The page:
Gather Robust Employee Feedback With Discovery Groups

This excerpt from the new book From Intention to Impact explores the power of using discovery groups to facilitate frank workplace discussions.

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    When companies want to hear from employees, a common reaction is to conduct a survey — wanting to do something, anything, to show the company’s response. It’s not uncommon for a company to get high marks initially for “this is a great place to work” or “everyone has a chance to grow here.” Such responses, however, more often than not reflect employees’ distrust of corporate attempts at feedback gathering, including a disbelief that such surveys really are anonymous. It’s safer to tell the company what it wants to hear; after all, what’s likely to change, anyway?

    This is where discovery groups come in. Using an appreciative inquiry process, tapping into strengths to empower people to contribute to positive change, my firm has been conducting discovery groups for companies and organizations. Most recently, we’ve been collaborating with organizations to establish a baseline of feedback and commentary from Black employees and other colleagues of color, as well as stakeholders, who often feel that their voices are not sufficiently heard or valued. After trust has been established — with assurances that responses are anonymized and not even attendance at the sessions will be disclosed — the barriers start coming down. One person after another will open up, sharing personal experiences about what it’s like to work at a particular company, within a specific division, and sometimes for an individual manager. Or, in a different context, people may describe the experience of being a customer, vendor, or other stakeholder. Often, what we hear is that fact-finding and other engagement have felt like a check-the-box exercise rather than a sincere effort to listen.

    Discovery groups seek to change that impression by facilitating dialogue and sharing among those gathered together. As one person tells their story, someone else is empowered to do the same. People finally feel it is safe to discuss and disclose how invisible and exhausted they feel, or how hopeless it is to try to get ahead when promotions continually support the status quo. They speak deep, long-held truths.

    Discovery groups should not be mistaken for gripe sessions. Rather, they acknowledge that the people closest to the problems are also closest to the solutions. Their storytelling becomes qualitative data that adds depth and nuance to the quantitative data that can be gleaned from employee surveys and workforce statistics. As people drop their armor and become more vulnerable and transparent around their experiences, the company’s culture comes into view. Suddenly, it’s not what the company says it is; rather, it’s what people feel in their day-to-day interactions with managers, colleagues, and customers. By listening, company leaders can acquire the input they need to pursue desired outcomes, including policy changes, retention programs, and product creation.

    One set of discovery groups we conducted was designed to hear from stakeholders how they felt about their city and its responsiveness to planning. One of the concepts we wanted to hear about was resiliency. It was going to be a core response for a 21st-century city. When we started to talk about resiliency, we heard from several marginalized communities that the concept of resiliency for them was triggering because it made them recall the constant need for their own social resiliency or the need to be strong. As one person said, “I want my city to help me not have to be resilient.” The comment helped us fully understand how using a word we saw as common nomenclature would not have been as well received as the idea of environmental justice.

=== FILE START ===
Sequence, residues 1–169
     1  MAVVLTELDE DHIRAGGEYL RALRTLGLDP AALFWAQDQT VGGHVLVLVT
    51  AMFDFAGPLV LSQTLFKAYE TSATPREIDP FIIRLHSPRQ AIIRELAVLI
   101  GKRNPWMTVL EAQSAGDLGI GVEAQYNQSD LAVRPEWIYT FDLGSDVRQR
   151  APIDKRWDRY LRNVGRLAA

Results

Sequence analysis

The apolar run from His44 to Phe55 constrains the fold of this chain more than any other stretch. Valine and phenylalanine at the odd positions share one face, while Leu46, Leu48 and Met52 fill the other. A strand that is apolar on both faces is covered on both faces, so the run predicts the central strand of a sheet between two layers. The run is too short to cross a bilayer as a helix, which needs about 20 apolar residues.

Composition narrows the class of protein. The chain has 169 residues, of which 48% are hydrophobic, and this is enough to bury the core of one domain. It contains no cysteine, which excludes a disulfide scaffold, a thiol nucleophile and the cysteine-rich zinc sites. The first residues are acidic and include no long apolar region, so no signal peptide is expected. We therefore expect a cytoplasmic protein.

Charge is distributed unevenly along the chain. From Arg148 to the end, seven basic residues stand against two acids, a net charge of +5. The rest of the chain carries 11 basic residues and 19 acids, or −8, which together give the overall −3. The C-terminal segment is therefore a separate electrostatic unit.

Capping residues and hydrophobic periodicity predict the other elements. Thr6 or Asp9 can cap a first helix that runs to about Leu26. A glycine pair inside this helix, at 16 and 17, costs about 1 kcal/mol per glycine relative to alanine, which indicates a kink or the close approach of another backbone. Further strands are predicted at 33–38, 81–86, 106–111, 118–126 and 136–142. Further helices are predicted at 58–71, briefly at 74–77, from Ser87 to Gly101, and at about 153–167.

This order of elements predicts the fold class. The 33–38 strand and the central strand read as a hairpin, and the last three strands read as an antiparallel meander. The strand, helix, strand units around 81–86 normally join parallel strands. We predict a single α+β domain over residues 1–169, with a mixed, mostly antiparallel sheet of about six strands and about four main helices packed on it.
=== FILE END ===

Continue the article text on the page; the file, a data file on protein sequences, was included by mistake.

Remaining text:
The best way to ensure DEI actions are not performative is to undertake actions based on what the excluded groups are asking for, not on what you think they need. Finding ways to do that for both employees and customers will move you closer to impactful DEI work. We see that DEI cannot be performative action alone; rather, it can and should be linked directly to accelerating business performance. This requires a willingness to:

    • Reexamine talent recruitment and retention. Without diverse talent, companies will find it difficult, if not impossible, to understand and reach diverse consumers.
    • Commit to lasting cultural change that will yield successful engagement with new and existing consumer groups.
    • Design, develop, test, and deploy new strategies for product development, marketing, and communication.

    Such actions need support from the top in order to gain attention and traction. This will only happen with an engaged CEO who recognizes that racism is pervasive and there are biases everywhere. Acknowledging their privilege is often a stumbling block for many executives, particularly CEOs. Most focus on the hard work they have put in and the sacrifices they have made on their journey to the C-suite. Therefore, they find it difficult to identify any advantages they’ve had or to see themselves as the beneficiaries of any sort of privilege. Yet only by acknowledging how the system has worked in their favor can these leaders identify the impediments to transforming their corporate cultures and doing something about it.

    Excerpted from From Intention to Impact: A Practical Guide to Diversity, Equity, and Inclusion, by Malia C. Lazu. Copyright © 2024. Available from MIT Press.


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